By Nava Gray
Sometimes in life it is not where we are going, but how we get there that matters the most. I remember when I was little and my Dad, Digger Dave and I would pack up the saddlebags with a few essential supplies and head off to unknown destinations. My Dad, who called me Navigator, would allow me to choose the direction we went. Left or right, he would follow my instructions as we rode through valleys and climbed over mountains. We would travel into deserts and forests, and camp wherever we put our kickstand down. Then he would have me find our way back home again. Left or right again, he would follow my instructions. If I couldn’t find our way home before dark, we would camp again.
My Dad taught me how to live minimally and only pack essentials; after all, there is only so much space in those saddlebags! Dad also taught me how to be observant and pay attention to where we were going, and watch out for those who are not looking out for us. He taught me to relax and enjoy the ride. We would see awe inspiring places that simply cannot be appreciated while travelling in a caged vehicle. We would meet interesting, colorful creatures and people along our travels, and create everlasting bonds with strangers. The destination was usually not our goal, the ride and the experiences along the way were.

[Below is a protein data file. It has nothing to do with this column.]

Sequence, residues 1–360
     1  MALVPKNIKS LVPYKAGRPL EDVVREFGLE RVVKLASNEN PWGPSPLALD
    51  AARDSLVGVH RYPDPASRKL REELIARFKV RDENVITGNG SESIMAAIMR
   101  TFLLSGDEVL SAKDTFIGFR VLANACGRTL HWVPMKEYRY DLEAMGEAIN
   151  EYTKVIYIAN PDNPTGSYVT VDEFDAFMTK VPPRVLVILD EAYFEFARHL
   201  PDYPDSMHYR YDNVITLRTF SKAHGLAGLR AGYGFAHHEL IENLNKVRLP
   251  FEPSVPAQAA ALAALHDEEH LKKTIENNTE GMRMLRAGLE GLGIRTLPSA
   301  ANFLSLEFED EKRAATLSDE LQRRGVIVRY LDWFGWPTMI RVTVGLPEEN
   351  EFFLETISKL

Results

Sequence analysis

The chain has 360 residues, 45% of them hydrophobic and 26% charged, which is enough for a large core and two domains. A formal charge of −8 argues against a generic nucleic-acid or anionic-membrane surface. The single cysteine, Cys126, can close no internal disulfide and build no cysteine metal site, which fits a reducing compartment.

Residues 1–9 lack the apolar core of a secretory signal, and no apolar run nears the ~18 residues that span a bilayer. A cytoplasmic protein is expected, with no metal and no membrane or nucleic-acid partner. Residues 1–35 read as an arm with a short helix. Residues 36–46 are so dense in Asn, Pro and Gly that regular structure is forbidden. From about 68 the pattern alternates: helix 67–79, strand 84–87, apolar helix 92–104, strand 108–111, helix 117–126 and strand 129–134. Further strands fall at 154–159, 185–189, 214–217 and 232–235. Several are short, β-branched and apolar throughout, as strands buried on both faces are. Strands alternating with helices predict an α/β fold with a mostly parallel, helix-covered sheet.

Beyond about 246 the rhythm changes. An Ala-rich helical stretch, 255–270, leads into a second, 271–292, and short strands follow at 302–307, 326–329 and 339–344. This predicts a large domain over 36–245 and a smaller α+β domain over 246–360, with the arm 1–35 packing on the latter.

We often photographed our journey so that we could look back and remember our times together, and the faces and places that helped make every trip unique. My Dad took his passion for motorcycles and photography, merged them into one and became a moto-journalist with Quick Throttle Magazine. Digger loved to capture life’s most precious moments. He had a great sense of humor and had a knack for bringing everyone closer together. He had a smile that could light up a room and his laugh brought happiness to many people. He always said he wanted “camera eyes” because he found beauty and joy in so many things – So much so that he created Double Shot Imaging and would carry two different cameras around to be sure that he never missed a moment, and always had the right equipment – and backups if necessary. He was industrious and wise.